The Hub That Time Forgot - "Let's Halt The Salt"
Salt is a chemical compound made of sodium and chloride which has been very important to us for thousands of years. As far back as 6050 BC salt has played an important part in our lives, and was in general use long before history was ever recorded. Salt can be found in many Biblical references, and is used as a metaphor in the Bible. There are 32 different references to salt in the Bible, with the most familiar being the story of Lot’s wife being turned into a pillar of salt. There was a time when a tax was imposed on salt in numerous countries around the world, but today it has largely lost its importance. The Latin origin of the word salary is derived from Roman legionnaires who were paid in salt. Many of Napoleon's troops died during the French retreat from Moscow due to the result of salt deficiency. Salt played prominent roles in determining the power and location of some of the world's great cities. Now a days it has became more profitable to sell salted food than just pure salt.
The title is more than just a rhyme in this hub, it's a lesson in healthy eating. I wanted to take a small moment and discuss something important here. This is all about taking care of ourselves. Salt certainly enhances our food, and adds to the taste as well. We all need some salt in our diet, but too much raises the risk of high blood pressure, heart disease, and other serious health problems. According to experts, virtually all Americans and others consume more sodium, primarily in the form of salt than they need.
Here are 12 ways to reduce your intake:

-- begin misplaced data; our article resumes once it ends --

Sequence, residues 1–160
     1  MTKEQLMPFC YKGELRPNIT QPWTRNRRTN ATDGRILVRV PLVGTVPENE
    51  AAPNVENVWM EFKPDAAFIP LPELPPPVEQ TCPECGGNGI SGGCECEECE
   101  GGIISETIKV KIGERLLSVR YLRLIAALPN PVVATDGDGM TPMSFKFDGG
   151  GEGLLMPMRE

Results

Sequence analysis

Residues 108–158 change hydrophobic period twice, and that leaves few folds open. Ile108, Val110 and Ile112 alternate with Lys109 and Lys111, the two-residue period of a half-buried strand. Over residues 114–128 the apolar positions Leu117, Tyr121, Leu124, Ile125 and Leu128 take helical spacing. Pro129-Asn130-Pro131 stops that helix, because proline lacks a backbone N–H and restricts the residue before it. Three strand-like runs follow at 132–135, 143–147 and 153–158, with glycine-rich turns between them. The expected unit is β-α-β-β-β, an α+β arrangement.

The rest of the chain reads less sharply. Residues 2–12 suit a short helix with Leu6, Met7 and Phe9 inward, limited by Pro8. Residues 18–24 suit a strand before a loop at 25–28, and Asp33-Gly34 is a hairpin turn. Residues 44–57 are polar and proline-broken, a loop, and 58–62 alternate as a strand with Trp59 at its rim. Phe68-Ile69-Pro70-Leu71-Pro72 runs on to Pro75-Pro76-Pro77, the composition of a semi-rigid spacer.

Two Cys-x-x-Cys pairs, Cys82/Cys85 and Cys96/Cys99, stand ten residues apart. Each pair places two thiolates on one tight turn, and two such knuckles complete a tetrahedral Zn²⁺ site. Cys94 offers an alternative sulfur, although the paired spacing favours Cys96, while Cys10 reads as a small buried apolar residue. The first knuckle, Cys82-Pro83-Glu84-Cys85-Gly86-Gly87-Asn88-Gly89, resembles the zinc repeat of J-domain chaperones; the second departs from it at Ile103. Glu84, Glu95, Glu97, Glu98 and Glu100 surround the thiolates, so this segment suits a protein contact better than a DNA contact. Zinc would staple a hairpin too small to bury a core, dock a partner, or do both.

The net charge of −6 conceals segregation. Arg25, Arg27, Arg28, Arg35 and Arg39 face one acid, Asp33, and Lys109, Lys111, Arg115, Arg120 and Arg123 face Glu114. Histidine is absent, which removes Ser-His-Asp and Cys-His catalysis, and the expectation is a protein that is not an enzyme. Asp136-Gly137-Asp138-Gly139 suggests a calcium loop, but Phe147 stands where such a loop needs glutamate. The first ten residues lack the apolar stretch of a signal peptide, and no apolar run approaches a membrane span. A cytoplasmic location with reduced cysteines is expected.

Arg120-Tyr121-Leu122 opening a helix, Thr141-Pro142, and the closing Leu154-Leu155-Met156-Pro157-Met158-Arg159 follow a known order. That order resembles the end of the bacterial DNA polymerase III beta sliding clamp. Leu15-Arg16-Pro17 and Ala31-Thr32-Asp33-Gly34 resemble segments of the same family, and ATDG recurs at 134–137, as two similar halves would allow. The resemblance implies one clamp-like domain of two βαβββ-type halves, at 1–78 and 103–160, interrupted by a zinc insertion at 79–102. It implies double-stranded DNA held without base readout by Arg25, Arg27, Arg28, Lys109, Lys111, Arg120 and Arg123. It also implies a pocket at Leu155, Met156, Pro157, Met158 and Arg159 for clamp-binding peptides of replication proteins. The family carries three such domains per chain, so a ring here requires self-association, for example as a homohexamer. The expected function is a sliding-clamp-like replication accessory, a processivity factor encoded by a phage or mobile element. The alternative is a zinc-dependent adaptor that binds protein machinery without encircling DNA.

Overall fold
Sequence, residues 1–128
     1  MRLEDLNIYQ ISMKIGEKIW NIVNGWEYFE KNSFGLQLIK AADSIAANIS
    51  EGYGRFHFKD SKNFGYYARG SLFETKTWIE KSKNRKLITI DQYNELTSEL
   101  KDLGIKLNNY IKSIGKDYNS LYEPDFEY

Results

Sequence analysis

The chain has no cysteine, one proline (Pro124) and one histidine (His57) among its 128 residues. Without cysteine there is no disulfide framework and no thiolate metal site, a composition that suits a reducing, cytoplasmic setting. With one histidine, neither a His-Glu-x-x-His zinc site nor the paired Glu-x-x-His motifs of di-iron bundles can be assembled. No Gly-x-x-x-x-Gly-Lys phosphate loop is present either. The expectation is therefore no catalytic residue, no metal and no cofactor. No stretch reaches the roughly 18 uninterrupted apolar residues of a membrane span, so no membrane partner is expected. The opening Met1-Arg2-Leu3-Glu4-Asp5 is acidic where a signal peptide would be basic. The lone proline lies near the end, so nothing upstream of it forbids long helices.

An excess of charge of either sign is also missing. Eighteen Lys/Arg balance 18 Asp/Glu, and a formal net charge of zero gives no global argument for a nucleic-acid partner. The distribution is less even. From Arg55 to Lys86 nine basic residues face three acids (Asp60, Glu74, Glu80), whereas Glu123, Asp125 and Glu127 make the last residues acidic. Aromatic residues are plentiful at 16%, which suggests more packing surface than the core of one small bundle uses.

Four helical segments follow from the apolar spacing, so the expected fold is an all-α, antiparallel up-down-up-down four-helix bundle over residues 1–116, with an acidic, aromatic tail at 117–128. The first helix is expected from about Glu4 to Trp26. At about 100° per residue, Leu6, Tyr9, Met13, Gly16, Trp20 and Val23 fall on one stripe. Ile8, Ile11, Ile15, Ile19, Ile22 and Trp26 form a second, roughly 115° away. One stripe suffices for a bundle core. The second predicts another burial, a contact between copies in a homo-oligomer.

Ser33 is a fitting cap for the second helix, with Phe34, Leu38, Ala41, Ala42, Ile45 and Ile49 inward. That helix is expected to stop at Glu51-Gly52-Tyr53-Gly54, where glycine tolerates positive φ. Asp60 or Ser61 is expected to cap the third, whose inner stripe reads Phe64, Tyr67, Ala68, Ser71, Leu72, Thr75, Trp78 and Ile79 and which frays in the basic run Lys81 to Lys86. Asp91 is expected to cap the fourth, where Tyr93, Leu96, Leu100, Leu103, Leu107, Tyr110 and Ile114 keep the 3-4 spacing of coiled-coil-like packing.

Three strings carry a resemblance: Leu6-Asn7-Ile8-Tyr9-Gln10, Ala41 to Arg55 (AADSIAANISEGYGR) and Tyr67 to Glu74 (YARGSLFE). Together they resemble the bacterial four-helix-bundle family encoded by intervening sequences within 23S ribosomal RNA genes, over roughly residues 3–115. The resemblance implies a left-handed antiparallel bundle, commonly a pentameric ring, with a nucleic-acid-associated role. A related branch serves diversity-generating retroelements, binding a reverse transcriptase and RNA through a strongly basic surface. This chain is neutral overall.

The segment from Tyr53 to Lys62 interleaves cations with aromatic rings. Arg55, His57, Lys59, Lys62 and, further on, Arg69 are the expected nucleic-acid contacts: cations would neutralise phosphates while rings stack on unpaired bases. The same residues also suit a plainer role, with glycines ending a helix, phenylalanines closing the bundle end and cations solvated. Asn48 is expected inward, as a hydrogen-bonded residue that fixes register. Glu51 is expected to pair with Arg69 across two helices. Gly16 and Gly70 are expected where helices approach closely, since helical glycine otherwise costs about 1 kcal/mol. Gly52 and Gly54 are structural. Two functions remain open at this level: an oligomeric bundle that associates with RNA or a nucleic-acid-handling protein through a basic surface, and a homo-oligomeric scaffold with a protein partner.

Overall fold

1) Eat more fresh foods than processed foods.
2) Try to cook at home where you can control the flow of salt on your foods.
3) Cut the salt in recipes to 1/4 to 1/2 the amount and be sure to taste the food before adding more salt.
4) Flavor your foods with herbs, and spices rather than salt.
5) Consider alternate choices to salt like garlic, oregano, basil, pepper, thyme, and sesame.
6) Lemon juice is another good alternative to using salt.
7) Limit your use of condiments that are heavy in salt or choose low salt versions. These versions include soy sauce, dips, ketchup, mustard, and relish.
8) Keep the salt shaker off of the kitchen table.
9) Always check nutrition facts labels when food shopping, and choose options low in sodium.
10) If buying canned foods such as vegetables or fish, then select those with no salt added.
11) When eating out ask that salt not to be added to your food, or order low sodium options if they are available.
12) Remember that salt is an acquired taste, and lower your intake gradually until having less salt becomes more natural for you.
Until now it's not your fault if you haven't been taught how to halt the salt!